“This Is Only a Test”

Fifty years ago, cold-war games halted all civilian air traffic—long before September 11 did the same.

Air traffic controllers from NORAD take over the civilian positions in the tower at Washington National Airport during the Skyshield II exercise. (National Archives and Records Administration)
Air & Space Magazine

(Continued from page 2)

In Europe, NATO allies had already launched Operation Seven Pillars, a simulated strike of 40 atomic bombs followed by a numbing 22 hours of civil defense exercises. At coordinated times, defense officials opened envelopes containing simulated readouts of radiation levels, trying to determine the intensity of the blasts and their fallout patterns.

Like all NORAD exercises, the phases of Sky Shield II were transmitted to Royal Canadian Air Force stations by secure media, but in case of intercept, not the details. Operations were given RCAF code names that were worthy of Maxwell Smart. Planning conferences included Trusted Agents. Final pre-event checklists were dubbed Double Take A or B. The harried, last moments: Fast Pace. The Go hour: Cocked Pistol. Various milestones were designated Big Noise A or B and so on, through Fade Out.

On October 14 at Naval Base Argentia, Newfoundland, WV-2 Super Constellations of the VW-11 and VW-13 squadrons were pulled from the hangar as their crews plotted flights for mid-level surveillance over the Atlantic barrier of the Distant Early Warning Line. Aloft, the U.S. Navy provided sea flanks to lengthen the DEW Line with radar-equipped WV-2s, nicknamed Warning Stars, along the coast.

At Building P-4 of Ent Air Force Base in Colorado Springs, General Kuter sat before ICONORAMA. Kuter was responsible for all air defense in the United States (except Hawaii), Canada, and the coasts of both nations out to 150 miles.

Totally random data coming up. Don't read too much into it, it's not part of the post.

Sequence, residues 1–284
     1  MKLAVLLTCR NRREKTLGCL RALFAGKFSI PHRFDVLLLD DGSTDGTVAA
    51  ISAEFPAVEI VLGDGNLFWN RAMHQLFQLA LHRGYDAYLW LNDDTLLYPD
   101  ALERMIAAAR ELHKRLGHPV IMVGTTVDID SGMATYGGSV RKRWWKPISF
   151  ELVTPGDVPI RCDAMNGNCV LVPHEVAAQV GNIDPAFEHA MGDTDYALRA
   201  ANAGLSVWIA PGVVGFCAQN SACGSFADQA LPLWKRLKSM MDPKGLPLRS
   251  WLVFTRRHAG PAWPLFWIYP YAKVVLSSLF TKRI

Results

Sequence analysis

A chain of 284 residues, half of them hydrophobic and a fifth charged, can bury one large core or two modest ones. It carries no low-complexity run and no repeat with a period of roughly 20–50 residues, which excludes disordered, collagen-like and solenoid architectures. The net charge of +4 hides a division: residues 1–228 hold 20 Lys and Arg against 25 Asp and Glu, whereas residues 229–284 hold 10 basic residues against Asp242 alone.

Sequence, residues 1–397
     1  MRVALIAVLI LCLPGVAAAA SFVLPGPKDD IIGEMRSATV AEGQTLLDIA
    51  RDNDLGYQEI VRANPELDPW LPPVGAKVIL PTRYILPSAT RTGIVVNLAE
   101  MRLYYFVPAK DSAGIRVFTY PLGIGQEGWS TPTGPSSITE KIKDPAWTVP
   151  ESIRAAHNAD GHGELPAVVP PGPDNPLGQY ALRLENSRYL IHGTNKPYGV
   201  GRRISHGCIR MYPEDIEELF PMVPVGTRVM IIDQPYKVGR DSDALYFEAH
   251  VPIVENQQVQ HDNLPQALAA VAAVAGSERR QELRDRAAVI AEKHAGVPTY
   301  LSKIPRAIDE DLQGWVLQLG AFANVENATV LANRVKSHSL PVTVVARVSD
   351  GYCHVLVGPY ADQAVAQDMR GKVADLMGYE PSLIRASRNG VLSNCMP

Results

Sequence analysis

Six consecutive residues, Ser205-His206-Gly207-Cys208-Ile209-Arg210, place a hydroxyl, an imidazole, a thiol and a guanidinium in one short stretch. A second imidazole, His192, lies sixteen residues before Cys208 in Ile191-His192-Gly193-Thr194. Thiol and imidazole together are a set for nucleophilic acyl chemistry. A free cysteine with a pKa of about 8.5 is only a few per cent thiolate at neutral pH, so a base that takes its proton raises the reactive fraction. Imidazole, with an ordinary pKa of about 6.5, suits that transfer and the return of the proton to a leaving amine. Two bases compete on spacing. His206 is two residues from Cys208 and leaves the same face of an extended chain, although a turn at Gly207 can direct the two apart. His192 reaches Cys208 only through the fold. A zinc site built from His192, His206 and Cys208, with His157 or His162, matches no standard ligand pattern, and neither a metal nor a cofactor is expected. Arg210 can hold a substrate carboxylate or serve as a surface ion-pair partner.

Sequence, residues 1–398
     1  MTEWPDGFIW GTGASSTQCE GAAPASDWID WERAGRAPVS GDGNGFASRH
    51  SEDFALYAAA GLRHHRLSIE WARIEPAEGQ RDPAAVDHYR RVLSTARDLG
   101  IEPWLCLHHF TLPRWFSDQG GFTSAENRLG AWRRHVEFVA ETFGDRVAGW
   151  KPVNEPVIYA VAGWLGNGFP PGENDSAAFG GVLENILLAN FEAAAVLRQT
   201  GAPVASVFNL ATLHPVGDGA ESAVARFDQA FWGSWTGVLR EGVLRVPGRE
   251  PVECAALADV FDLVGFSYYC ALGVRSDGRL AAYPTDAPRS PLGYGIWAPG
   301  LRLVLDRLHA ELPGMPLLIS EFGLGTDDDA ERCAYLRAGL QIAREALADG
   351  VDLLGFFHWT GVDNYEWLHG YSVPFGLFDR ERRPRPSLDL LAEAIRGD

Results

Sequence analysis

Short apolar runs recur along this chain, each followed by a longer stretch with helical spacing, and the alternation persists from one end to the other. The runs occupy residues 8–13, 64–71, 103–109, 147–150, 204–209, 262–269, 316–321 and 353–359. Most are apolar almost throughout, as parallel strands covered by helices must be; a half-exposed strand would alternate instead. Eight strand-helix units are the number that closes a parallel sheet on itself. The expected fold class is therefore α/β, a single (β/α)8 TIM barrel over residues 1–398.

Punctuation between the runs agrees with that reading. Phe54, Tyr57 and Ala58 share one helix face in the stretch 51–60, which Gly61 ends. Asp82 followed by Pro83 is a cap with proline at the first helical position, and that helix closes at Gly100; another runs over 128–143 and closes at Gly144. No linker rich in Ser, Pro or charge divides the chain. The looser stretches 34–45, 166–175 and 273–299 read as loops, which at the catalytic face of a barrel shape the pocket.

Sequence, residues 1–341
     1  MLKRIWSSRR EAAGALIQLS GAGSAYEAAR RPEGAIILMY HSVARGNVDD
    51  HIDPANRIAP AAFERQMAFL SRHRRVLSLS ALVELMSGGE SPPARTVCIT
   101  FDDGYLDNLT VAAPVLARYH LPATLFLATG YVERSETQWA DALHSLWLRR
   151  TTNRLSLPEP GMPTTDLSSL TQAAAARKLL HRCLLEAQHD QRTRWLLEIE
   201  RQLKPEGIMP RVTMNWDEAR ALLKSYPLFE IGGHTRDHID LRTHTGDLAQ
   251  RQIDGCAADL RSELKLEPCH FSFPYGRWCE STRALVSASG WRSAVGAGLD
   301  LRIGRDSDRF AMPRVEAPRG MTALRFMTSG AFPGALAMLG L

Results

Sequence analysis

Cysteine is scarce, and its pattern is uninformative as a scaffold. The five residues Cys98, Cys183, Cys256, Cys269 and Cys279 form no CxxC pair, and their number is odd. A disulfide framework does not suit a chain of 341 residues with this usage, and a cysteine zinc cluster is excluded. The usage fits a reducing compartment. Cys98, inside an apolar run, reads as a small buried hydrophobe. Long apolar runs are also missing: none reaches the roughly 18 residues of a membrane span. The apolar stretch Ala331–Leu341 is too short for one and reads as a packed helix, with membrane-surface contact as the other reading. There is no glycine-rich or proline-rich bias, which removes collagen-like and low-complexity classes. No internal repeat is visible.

At Seymour Johnson Air Force Base in Goldsboro, North Carolina, Captain Roland C. Starke Jr. reviewed the crew assignment. The B-52G was filled with 215,000 pounds of fuel while his seven crew members boarded. As Pogo 22, Starke would flank Pogo 13 for three hours of flight in radio silence as part of the code-named White Cell in order to rendezvous with one of three KC-135 Stratotankers, east-southeast of Newfoundland. Once refueled, the aircraft were to fly south toward Bermuda, then west for a simulated Soviet bomber run.

At McGuire Air Force Base in New Jersey, the war came down to single letters. Beginning at 1 p.m., the letters F for Friendly and K for Faker waltzed across the dull red of 106 cathode-ray tubes within the bunker’s two-foot-thick walls. At full tilt, the Whirlwind II computer tracked 400 aircraft at once, sputtering 65,000 calculations every 15 seconds. Controllers pointed an aluminum light gun at each blip and squeezed, marking the blip P for pending. If the blip’s track matched the expected flight plan, the P changed to F or K. "We’ve had it pretty heavy," Brigadier General Gilbert L. Pritchard, commander of the New York Air Defense Sector, told a cluster of reporters invited to McGuire. Pritchard said the simulated attack flown by B-47s, B-52s, and RAF Vulcans had been "pretty near continuous" since radar first detected an enemy at 1:45 p.m. "The attackers are coming over the top [the Arctic] and making end runs in off the Atlantic." Detected but unseen: Dark rain clouds enveloped New York City.

The wave of B-47s at low altitude showered pods of chaff—filaments coated with aluminum or zinc designed to overwhelm radars—while B-52s between 35,000 and 42,000 feet swept from the north through central Canada and diverged to the northeast and midwest population centers and along the West Coast as far as San Francisco.

In Colorado Springs, British Air Marshall Sir Kenneth B.B. Cross of the Bomber Command and Sir Wallace Kyle, chief of the Royal Air Force technical training command, sat with General Kuter. The Royal Air Force had provided eight delta-wing Vulcan bombers to mix with NORAD forces, posing as Russian heavies. They topped the attacking force at 56,000 feet.

Shortly before 2 p.m., interceptors had sprung for the B-52s. Only the first Vulcan in the cell of bombers was detected by an F-101. At 2:02 p.m., the voice of an Air Force colonel reached the Boston Sector: "Gentlemen, we shot down our first enemy." Near Goose Bay, Labrador, the Vulcan became the first "kill" of Sky Shield II. The remaining Vulcans swept unmolested through eastern Canada to land at Stephenville, Newfoundland, for debriefing and bragging rights.

Captain Starke’s B-52G and his cell of bombers refueled at 3 p.m., then turned southwest, toward their strike zone, a corridor between New York City and Philadelphia. The bombers flew in lateral formation, 10 miles apart, with Starke most northerly. He made radio contact with his left flank as late as 4:15 p.m. as the formation descended through clouds to 1,000 feet above the water.

Comment on this Story

comments powered by Disqus